Dealing with Donor Fatigue
Hurricanes can demolish islands in a day, while fires may reduce entire neighborhoods to ash within hours. How do we help ourselves and others cope with sequential storms, when the need feels unlimited and available aid resources remain finite?
Donor fatigue, also known as compassion fatigue, has been a recognized phenomenon defined in the Oxford Dictionary as “indifference to charitable appeals on behalf of suffering people, experienced as a result of the frequency or number of such appeals.” Disaster fatigue is a relatively new concept that has become all the more relevant in the wake of the recent series of natural disasters.
Being a bystander
When Hurricane Harvey made landfall in Texas on August 25th, I watched the headline news fill with photos of flooded highways and homes. I felt distress for families seeking food and shelter, despair for the newly married couple wading through the downstairs floor of their first house, and impatient for the federal relief that could not come fast enough. This was my country.
By the time Hurricane Irma hit on Sunday, September 10th, Harvey was no longer headline news, even while houses remained flooded and the EPA was making disquieting chemical discoveries on Texan shores. Newspapers tracked Florida’s preparation for Irma like an engaging story leading to its climax. In the same month, Mexico was struck by two major earthquakes over the span of two weeks and Hurricane Maria slammed Puerto Rico on September 20th, killing over 50 people.
I tried to do my part: I attempted to place myself in the shoes of the victims and made donations when I could. And yet, these disasters weren’t mine, the tragedies weren’t visceral: the nationwide disasters hit like a dull pain. I couldn’t care enough, and yet I cared too much. My contributions felt like they would do little to alleviate anyone’s suffering, while the headlines kept filling with fresh disasters, with new relief organizations in need of donations and new storm victims in need of aid.
Disaster hits home
The infamous Diablo winds of Northern California picked up late on Sunday, October 8th, dispersing embers across counties like sowing seeds of destruction. My family evacuated in the middle of the night with the premature sunrise of flames in their rearview mirror. I sat transfixed by the screen as fires burned through vineyards, businesses, and the homes of old high school classmates and family friends. A lone pair of washing machines stood like monuments in the ashes of non-existent neighborhoods. My middle school art teacher made national news for surviving the night in a swimming pool with her husband.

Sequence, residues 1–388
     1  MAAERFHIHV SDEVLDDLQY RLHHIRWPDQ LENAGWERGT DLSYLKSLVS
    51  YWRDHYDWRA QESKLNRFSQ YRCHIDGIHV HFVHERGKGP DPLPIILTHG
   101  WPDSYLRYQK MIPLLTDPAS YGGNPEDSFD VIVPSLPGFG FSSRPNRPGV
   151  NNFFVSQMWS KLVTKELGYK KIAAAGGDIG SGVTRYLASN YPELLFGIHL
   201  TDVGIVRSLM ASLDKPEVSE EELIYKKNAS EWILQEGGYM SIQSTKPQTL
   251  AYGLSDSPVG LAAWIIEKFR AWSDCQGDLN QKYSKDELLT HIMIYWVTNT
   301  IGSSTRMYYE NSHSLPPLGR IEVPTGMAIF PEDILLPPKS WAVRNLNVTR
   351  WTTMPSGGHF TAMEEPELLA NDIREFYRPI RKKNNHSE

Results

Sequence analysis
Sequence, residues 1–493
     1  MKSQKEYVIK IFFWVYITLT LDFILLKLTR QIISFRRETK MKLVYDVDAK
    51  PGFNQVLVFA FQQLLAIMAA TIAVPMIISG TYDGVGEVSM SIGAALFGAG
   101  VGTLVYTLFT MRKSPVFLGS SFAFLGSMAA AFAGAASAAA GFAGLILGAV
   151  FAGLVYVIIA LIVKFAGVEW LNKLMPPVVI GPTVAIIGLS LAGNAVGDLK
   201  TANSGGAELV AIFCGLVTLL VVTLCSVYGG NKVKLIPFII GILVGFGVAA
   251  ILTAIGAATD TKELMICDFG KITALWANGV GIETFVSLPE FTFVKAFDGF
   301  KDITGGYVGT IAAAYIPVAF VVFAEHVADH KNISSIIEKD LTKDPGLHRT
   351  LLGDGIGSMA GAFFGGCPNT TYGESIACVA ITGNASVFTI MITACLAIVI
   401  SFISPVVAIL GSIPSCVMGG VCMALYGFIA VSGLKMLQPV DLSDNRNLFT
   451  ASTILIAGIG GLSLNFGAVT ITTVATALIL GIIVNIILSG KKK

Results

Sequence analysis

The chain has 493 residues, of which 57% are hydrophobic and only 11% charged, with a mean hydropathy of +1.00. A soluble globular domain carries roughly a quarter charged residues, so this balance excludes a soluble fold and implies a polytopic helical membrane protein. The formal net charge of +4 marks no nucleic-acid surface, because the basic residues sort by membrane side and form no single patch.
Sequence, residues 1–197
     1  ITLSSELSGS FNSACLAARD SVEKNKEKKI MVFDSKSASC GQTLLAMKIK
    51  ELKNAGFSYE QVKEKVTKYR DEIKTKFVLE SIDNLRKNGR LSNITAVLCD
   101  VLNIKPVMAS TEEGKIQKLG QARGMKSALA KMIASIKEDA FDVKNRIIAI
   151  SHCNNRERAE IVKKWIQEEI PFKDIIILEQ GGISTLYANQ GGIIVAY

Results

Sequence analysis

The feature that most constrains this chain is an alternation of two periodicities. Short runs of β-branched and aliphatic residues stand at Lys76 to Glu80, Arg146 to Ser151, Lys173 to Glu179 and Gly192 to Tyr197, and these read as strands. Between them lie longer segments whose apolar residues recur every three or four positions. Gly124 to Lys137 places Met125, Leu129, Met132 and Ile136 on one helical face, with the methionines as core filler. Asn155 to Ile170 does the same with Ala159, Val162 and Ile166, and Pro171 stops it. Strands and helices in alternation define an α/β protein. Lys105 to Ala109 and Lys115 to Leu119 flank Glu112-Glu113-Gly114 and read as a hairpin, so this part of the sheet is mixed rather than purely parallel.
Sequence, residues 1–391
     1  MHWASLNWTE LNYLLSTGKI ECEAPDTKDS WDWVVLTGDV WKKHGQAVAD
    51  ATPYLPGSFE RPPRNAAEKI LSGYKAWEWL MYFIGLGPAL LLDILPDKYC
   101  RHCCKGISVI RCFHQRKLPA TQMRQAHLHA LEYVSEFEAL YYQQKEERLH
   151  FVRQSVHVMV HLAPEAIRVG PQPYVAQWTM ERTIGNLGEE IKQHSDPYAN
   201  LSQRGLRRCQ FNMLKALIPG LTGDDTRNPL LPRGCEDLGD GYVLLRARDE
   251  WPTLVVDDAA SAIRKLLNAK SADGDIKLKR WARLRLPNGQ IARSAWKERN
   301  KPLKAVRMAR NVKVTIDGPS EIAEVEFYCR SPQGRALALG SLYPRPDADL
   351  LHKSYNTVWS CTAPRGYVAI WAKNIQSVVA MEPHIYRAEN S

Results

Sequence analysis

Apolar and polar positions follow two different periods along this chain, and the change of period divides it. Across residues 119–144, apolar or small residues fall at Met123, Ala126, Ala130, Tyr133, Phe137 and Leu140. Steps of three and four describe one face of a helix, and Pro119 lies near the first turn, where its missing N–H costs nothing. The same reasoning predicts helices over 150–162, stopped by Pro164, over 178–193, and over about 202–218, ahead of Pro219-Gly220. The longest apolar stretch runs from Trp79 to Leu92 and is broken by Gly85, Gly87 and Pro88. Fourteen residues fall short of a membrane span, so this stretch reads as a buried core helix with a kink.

My parents evacuated in slow-motion: during the initial days of the blazing fire, our house was safe. They returned several times to retrieve belongings they had forgotten on the first trip: photos, family heirlooms, irreplaceable childhood memorabilia. Then, the winds shifted and began to engulf the park near our house. Our neighborhood was officially evacuated. We spent several days in a weather-induced purgatory, scouring sites for the most up-to-date information. The night we thought we would lose our home, the winds never picked up and firefighters worked 72-hour shifts to contain the fire.
By the time the winds shifted enough to endanger my neighborhood, the fires were no longer front-page news. Fires only marginally contained had been relegated to the margins of newspapers. The reality of losing my home was more real than ever, and yet the nation had moved on. For several days papers reported the lack of containment, rising numbers of fatalities, profiles of people that left just minutes before their homes were engulfed in flames. And then, just like that, we vanished from the public awareness.